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Tosa School / Schools of Nihonga 006
Tosa School is a school that continued from the early Muromachi period to the end of the Edo period. In style it inherits the tradition of the yamato-e painting and is characterized by unconstrained lines and bright colors. Its genealogy can be traced to Fujiwarano Yukimitsu (active c. 1352-89), but the name Tosa came to be used after Yukihiro (active c. 1406-51). In 1469, Mitsunobu (dates unknown) was given charge of the edokoro (official bureau of painting) and established a leading position among the art circle. However, with the death of Mitsumoto in battle in 1569, Tosa School declined for sometime. Yet, its artistic style was maintained by his disciple Mitsuyoshi. In 1634, Mitsuyoshi’s son Mitsunori (1583-1638) moved to Kyoto with his son Mitsuoki (1617-91) and worked for the revival of the school. In 1654, Mitsuoki regained the position at the edokoro and Tosa School continued until the end of the Edo period.
Tosa School was devoted to yamato-e, paintings specializing in subject matter and techniques derived from ancient Japanese art, as opposed to schools influenced by Chinese art, namely the Kanou School. Tosa School paintings are characterised by “areas of flat opaque color enclosed by simple outlines, where drawing is precise and conventional,” with many narrative subjects from Japanese literature and history. However by the 17th century both Tosa and Kanou artists broadened their range, and the distinction between these and other schools became less clear.
In the latter half of the 9th century, during the Heian period, as court culture became more Japanized, paintings depicting scenery characteristic of Japan began to appear in response to the demand for paintings that express Japanese sentiments. From about the end of the 10 th century, this kind of painting, inheriting the style of the Heian period, began to be called yamato-e, to distinguish it from the Chinese painting/Chinese-style painting (later known as kanga), or paintings with Chinese themes that were influenced by Song and Yuan painting styles. The style of the yamafo-e painting was transmitted through edokoro (official bureau of painting) which had been in charge of court paintings since the Heian period. When the Tosa family inherited the administration of the edokoro (the courtly office for paintings) in the Muromachi period, the word yamato-e began to be used to refer not only to themes and style, but also to the concepts of the Tosa School.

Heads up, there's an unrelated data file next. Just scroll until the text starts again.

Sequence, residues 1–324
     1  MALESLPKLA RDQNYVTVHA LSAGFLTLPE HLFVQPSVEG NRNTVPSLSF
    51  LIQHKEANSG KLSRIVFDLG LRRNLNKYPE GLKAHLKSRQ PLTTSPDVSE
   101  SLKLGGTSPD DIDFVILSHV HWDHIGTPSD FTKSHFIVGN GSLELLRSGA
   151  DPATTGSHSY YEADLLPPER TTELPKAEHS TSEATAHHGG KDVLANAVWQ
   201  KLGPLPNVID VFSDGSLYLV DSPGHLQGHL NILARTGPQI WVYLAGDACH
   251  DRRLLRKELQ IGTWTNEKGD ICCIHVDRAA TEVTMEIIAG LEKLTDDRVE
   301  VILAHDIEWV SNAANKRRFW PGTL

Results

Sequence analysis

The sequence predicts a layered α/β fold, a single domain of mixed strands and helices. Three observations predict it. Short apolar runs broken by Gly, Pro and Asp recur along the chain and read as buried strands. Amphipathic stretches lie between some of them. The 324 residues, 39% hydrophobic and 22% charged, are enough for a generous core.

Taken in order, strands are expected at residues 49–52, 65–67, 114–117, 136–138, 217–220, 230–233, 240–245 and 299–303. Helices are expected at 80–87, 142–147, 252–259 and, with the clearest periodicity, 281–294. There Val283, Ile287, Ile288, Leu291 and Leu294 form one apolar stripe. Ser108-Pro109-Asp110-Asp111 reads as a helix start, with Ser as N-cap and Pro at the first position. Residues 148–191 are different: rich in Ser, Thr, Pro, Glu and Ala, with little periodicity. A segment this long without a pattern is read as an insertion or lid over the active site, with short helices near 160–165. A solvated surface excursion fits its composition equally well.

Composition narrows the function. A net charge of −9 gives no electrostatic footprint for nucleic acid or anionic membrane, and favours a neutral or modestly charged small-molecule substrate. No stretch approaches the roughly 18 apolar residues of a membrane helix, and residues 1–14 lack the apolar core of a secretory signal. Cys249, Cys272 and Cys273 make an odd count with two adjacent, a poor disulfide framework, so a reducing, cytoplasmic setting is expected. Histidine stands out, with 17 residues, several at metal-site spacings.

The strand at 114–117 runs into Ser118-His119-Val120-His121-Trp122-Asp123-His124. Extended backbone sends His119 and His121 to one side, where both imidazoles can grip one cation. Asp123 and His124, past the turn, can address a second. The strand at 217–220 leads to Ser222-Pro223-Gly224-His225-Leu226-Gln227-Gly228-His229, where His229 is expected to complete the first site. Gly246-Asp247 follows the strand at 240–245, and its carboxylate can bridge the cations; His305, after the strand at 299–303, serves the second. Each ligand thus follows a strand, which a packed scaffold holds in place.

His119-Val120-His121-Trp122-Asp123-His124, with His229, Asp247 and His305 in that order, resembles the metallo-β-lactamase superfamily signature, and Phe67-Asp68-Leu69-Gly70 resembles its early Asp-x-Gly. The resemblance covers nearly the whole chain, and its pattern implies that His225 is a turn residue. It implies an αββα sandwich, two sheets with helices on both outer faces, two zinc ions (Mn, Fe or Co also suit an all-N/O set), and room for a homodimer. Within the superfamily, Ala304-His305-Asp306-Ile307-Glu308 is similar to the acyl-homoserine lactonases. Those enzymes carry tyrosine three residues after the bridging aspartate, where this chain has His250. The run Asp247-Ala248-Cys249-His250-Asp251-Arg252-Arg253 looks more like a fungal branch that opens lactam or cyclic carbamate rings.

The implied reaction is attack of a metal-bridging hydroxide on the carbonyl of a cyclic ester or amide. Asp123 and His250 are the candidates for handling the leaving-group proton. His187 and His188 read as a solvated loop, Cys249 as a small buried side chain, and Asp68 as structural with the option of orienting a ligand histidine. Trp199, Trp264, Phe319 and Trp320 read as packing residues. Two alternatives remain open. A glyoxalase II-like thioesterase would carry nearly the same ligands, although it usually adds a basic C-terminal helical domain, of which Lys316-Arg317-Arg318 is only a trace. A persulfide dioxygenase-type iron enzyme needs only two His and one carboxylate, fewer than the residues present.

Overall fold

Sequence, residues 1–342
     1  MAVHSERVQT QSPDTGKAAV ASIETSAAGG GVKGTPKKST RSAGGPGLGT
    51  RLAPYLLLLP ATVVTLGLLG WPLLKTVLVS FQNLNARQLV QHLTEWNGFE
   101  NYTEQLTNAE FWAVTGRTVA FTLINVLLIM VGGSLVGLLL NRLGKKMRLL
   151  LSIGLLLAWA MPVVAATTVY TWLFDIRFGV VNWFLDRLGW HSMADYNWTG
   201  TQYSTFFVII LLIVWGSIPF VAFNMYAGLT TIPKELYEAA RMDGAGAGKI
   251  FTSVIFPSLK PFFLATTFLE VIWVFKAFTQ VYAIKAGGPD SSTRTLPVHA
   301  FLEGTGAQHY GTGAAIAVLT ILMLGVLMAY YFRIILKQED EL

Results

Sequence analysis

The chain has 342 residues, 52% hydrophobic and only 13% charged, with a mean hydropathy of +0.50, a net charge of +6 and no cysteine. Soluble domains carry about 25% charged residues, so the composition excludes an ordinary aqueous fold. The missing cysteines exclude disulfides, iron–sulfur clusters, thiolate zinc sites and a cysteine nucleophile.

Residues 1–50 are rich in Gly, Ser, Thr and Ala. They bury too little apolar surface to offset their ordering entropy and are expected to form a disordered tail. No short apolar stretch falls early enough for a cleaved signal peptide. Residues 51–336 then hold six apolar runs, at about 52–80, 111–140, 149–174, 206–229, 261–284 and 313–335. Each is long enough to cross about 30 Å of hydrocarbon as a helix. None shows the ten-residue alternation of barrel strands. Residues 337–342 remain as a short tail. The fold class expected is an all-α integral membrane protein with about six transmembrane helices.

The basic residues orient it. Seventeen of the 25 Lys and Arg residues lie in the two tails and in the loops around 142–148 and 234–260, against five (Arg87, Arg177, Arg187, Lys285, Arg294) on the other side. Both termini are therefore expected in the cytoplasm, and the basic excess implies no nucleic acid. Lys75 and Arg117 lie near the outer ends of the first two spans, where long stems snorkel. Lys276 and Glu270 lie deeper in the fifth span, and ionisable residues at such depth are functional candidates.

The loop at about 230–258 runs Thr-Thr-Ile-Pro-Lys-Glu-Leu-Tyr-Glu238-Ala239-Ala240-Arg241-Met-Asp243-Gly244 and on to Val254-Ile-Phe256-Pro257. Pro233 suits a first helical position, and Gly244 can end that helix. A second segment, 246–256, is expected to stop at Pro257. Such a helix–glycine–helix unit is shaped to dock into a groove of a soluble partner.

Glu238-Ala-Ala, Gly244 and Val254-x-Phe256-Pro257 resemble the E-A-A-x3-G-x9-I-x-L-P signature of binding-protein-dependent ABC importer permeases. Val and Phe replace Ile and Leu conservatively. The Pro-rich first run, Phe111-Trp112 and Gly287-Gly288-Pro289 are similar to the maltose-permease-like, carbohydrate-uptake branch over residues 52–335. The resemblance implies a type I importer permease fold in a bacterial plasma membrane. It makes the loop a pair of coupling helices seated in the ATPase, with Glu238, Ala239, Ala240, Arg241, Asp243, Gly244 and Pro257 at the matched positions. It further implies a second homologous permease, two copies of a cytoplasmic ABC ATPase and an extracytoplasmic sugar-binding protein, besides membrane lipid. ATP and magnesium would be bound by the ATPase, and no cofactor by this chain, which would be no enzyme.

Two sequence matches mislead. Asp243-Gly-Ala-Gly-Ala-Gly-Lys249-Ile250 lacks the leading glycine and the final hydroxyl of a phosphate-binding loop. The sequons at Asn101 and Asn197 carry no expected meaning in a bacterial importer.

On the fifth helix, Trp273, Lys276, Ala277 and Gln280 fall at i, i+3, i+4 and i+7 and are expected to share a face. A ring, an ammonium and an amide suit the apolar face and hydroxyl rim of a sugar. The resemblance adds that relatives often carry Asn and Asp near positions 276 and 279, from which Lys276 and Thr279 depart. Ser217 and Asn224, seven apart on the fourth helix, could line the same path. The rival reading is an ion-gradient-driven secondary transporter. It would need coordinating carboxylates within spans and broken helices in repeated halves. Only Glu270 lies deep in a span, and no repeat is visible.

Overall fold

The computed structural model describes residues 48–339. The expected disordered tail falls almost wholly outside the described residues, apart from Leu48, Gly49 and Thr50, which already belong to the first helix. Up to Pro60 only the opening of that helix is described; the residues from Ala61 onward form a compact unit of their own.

Sumiyoshi School is one of the yamato-e painting groups that separated from Tosa School in the Edo period. Tosa Hiromichi (renamed Joukei in 1661), who studied under Tosa Mitsuyoshi and who was ordered by Emperor Gosai in 1662 to take the surname of Sumiyoshi, is the founder of Sumiyoshi School. The name is said to have its origin in the artist Keinin of the Kamakura period, a distant ancestor who lived in Sumiyoshi. While Tosa School was a group of yamato-e painting school active in Kyoto, Sumiyoshi School became a major school to transmit yamato-e painting in Edo and was also active as a group of official artists of the shogunate.